3. The Remaining Claims in the Herbst Litigation

The "Fifteenth Cause of Action" in the Herbst Complaint asserts what appears to be a breach of contract against Birdie Capital Corporation, Steven Berger, Richard Rosenblum and Mark Barbera. There is no indication that this cause of action asserts a claim against Penny Lane or anyone in their managerial capacity. Thus, the Court agrees with the Receiver's recommendation to deny the claim with respect to this cause of action.

Similarly, the "Sixteenth Cause of Action" is not cognizable. This cause of action asserts that the SBA breached its duty to plaintiffs by failing to properly supervise, investigate and disclose pertinent information about PLP. The Third Circuit has concluded that, regardless of the plaintiff's characterization of the SBA as a regulator or investor, such claims are barred by the Federal Tort Claims Act, 28 U.S.C. § 2680(a), because they involve discretionary judgment decisions by the SBA.*fn8 Acorn, 429 F.3d at 445-447. Thus, the Court concludes that the Sixteenth Cause of Action is not a cognizable claim.

Finally, to the extent that the Herbst Parties' objections seek reconsideration of this Courts prior denial of their Motion for Leave to Intervene (Jackie Herbst's Objection ¶ 9 ("Petitioner believes that his submitted motion to intervene was incorrectly denied")), that request is denied as untimely under Local Civil Rule 7.1(i). Local Civil Rule 7.1(i) provides that "[a] motion for reconsideration shall be served and filed within 10 business days after the entry of the order or judgment on the original motion by the Judge or Magistrate Judge." Magistrate Judge Hughes denied the Herbst Parties' motion in an order entered on February 4, 2008. The Herbst Parties' present brief was not filed until April 2, 2008, well after the ten business day time period.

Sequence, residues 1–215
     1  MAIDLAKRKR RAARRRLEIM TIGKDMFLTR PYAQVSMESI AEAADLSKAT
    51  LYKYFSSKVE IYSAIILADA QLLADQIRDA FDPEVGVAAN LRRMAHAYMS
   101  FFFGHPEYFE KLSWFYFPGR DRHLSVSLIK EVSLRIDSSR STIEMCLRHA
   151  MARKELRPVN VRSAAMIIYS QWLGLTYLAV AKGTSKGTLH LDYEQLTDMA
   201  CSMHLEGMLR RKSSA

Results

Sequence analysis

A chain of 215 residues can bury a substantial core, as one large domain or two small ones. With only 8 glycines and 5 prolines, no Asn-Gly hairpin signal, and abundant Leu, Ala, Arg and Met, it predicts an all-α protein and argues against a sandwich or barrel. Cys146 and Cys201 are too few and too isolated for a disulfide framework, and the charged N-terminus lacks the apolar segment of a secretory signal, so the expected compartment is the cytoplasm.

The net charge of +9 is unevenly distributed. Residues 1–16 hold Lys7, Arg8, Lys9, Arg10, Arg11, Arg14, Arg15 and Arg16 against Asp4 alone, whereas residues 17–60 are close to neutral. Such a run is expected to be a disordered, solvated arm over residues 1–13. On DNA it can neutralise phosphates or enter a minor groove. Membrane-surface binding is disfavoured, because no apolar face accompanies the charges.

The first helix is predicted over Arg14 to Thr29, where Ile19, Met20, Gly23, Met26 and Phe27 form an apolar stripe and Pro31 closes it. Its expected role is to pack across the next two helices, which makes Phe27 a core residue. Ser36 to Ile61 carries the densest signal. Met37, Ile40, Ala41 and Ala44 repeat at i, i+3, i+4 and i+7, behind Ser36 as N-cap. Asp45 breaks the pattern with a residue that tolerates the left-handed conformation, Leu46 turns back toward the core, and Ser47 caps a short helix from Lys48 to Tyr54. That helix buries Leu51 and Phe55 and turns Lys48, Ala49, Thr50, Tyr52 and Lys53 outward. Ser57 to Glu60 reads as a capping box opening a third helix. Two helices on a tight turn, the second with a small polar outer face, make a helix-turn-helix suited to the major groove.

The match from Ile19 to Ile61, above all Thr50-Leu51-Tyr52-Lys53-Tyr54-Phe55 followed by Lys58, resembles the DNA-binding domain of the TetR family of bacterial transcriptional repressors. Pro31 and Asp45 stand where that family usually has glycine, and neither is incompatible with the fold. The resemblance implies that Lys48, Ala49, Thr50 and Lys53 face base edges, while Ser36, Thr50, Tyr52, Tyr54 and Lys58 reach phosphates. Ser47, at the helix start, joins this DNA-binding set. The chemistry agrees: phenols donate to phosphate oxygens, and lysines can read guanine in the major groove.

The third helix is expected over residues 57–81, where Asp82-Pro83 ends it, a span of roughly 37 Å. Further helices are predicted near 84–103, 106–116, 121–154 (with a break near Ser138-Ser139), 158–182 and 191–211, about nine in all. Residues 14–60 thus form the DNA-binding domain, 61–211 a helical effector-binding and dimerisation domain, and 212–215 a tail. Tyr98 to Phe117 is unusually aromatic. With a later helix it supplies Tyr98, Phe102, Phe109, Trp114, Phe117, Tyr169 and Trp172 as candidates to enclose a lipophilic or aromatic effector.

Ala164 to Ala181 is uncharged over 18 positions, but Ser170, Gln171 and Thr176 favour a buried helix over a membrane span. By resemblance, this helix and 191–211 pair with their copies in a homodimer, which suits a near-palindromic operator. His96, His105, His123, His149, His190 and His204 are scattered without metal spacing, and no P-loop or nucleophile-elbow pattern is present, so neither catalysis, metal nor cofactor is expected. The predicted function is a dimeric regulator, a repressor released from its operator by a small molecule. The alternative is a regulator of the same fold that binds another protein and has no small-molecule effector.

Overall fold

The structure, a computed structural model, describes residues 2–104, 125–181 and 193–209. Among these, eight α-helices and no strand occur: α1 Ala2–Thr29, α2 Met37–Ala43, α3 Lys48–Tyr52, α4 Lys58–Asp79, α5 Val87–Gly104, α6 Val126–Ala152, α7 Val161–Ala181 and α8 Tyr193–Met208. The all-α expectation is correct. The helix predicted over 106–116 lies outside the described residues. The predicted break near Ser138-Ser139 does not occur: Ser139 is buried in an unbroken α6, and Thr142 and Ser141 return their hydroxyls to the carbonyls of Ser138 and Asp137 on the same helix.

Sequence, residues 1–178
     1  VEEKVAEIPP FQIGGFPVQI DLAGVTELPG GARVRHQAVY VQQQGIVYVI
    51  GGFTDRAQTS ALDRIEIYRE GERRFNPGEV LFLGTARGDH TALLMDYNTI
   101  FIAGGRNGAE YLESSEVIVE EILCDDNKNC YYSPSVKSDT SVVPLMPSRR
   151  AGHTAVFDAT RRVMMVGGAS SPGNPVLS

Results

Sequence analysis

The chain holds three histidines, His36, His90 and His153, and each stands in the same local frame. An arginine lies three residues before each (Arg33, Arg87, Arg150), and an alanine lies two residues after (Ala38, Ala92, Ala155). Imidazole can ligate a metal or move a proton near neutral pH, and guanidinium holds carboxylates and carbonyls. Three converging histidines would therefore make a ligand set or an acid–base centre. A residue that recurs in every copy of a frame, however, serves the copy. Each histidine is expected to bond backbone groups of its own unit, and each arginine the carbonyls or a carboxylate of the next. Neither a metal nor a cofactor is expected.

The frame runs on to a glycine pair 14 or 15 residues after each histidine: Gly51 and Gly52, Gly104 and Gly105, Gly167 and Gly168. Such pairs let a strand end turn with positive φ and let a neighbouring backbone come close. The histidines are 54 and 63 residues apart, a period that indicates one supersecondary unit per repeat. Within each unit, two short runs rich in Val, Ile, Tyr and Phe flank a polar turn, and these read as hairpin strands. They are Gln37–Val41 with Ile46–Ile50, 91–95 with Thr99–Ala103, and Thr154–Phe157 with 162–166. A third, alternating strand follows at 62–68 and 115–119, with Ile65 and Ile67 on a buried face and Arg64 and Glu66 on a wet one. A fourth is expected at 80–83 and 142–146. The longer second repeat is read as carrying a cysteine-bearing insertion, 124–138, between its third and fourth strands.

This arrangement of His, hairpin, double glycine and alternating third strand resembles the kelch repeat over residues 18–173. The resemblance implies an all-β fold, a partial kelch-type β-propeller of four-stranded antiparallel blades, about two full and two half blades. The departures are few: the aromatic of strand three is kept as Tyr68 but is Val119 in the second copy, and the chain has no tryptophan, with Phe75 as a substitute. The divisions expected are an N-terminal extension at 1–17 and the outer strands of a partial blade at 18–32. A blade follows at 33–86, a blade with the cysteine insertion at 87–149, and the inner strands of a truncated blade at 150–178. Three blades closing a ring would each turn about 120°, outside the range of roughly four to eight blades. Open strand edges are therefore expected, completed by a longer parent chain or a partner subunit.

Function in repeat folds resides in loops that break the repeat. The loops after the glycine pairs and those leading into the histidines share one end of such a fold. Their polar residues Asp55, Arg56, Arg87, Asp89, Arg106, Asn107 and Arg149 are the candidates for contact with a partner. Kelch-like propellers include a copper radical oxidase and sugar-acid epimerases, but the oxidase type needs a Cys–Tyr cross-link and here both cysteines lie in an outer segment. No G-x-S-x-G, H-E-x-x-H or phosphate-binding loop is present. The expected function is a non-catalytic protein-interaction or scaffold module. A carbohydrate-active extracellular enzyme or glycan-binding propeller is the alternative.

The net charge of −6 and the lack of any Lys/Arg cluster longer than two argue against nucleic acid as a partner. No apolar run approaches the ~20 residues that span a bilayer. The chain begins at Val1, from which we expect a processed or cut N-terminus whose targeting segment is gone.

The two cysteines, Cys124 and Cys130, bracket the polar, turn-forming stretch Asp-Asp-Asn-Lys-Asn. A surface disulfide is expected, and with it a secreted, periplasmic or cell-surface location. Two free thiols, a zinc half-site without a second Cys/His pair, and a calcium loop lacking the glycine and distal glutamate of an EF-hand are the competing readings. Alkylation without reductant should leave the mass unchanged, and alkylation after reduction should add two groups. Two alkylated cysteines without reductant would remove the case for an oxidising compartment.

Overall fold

For the foregoing reasons, the motion of Abraham Herbst objecting to the Receiver's recommended disposition of his claim is denied, and the motion of Jackie Herbst objecting to the Receiver's recommended disposition of his claim is granted in part and denied in part. An appropriate form of order is filed herewith.